Fresh Eyes On Jesus Parables—The Unmerciful Servant

Day 2 of 4 • This day’s reading


The "Difference" Excuse

The root excuse: I’m grateful my debt was forgiven, but his debt differs from mine, because …

it was his fault he got into debt. I couldn’t help my debt. It was due to a whole set of circumstances over which I had no control.

he never pays people back. I realize my debt was larger, but he keeps borrowing money and not repaying other people, not just me. Someone needs to teach him a lesson.

Can you see yourself in either of these? We self-justify like this all the time. We tend to see our circumstances as unique. When we have problems, we are quick to understand why those problems happened in a way that casts us in a positive light, or at least we think, There’s nothing I could have done. When other people have the same problems, we are quick to connect those problems to a flaw or failure on their part.

Let’s not be so quick to cast stones. And remember, this parable does not explain the unmerciful servant’s behavior, because there is no excuse. It doesn’t matter why a person racks up a debt, even though some debts occur by unwise choices and others by uncontrollable circumstances. God’s Old Testament provision for the “year for canceling debts” every seven years (Deut. 15:1) and the “year of jubilee” every fifty years (Lev. 25:10) mandates the cancellation of debts and restoration of lost property regardless of whether a person was to blame for being in debt or was simply a victim of unfortunate circumstances.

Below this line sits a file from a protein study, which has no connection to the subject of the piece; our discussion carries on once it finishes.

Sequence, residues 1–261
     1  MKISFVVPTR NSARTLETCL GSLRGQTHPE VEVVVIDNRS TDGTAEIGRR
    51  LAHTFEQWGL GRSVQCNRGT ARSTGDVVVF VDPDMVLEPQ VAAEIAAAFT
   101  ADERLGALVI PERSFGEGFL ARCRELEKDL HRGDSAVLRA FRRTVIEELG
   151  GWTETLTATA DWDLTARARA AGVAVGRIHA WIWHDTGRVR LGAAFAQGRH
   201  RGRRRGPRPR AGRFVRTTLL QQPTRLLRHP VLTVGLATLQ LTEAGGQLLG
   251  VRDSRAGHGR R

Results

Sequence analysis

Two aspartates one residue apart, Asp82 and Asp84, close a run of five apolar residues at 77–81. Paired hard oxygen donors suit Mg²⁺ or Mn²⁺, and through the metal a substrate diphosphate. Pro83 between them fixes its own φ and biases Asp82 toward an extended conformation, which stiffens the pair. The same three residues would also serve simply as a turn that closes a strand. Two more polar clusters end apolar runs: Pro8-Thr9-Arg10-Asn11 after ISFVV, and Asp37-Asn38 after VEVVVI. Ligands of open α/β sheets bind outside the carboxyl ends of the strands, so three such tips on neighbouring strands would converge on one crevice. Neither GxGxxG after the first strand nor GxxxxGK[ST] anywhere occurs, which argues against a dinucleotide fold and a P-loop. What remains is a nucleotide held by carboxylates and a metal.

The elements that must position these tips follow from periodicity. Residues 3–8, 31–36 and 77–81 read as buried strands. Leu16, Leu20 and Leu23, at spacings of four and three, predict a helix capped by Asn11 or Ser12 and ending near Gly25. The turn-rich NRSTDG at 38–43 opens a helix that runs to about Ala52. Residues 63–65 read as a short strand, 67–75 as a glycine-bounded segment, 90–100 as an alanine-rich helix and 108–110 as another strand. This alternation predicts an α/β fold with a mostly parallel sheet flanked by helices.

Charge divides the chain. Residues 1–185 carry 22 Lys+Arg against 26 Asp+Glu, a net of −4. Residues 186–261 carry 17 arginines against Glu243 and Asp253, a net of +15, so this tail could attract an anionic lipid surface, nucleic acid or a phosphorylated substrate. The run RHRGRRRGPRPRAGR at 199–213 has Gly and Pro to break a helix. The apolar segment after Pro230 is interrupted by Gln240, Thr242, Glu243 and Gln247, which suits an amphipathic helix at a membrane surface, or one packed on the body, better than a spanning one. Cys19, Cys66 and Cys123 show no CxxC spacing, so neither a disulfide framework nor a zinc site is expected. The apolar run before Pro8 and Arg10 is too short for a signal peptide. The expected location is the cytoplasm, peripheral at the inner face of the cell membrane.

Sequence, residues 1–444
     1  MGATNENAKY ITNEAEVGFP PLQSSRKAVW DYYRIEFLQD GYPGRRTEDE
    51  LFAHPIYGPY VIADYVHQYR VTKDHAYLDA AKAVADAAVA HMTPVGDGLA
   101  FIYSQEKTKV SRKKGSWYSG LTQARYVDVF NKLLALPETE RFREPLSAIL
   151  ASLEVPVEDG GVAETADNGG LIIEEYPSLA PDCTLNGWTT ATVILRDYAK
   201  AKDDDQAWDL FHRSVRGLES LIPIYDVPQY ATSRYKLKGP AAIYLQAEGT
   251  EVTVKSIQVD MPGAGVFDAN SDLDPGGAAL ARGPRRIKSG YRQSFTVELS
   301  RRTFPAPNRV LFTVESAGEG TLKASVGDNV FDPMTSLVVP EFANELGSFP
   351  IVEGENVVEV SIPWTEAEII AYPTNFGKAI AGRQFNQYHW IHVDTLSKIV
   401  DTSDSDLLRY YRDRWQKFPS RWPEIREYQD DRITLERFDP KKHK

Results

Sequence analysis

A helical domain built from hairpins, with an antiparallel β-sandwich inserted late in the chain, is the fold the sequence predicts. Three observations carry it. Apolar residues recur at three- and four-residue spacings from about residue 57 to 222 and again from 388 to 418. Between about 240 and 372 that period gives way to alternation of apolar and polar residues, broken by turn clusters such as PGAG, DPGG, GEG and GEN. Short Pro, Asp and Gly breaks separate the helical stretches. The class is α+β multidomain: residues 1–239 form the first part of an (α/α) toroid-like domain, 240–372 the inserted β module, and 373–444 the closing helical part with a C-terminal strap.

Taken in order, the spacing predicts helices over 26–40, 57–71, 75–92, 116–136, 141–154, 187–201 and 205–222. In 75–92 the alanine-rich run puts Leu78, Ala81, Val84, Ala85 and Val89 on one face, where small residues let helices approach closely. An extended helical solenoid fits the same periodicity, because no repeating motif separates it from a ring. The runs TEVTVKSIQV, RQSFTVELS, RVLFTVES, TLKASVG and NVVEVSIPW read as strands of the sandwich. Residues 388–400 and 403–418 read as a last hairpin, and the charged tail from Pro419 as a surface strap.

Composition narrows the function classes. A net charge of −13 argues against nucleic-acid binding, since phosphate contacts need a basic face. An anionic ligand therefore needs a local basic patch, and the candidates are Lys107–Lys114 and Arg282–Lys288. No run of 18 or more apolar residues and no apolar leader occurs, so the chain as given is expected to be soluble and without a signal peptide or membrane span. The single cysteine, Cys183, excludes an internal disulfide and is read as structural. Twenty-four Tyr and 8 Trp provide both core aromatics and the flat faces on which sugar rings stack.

This spirit of “jubilee” applies not only to financial indebtedness. When people “owe” you more gratitude or thoughtfulness than they’ve shown or when they “owe” you an apology or a better attitude or kinder words, you have no more right to demand those “debts” be paid than the unmerciful servant had to demand payment. These offenses of sin and neglect are most likely what Jesus had in mind when He taught us to pray, “Forgive us our debts, as we also have forgiven our debtors” (Matt. 6:12).

When you hear yourself using the “difference” excuse to justify treating a person with a lack of grace and forgiveness, stop. Just stop. You have no excuse for using the “difference” excuse.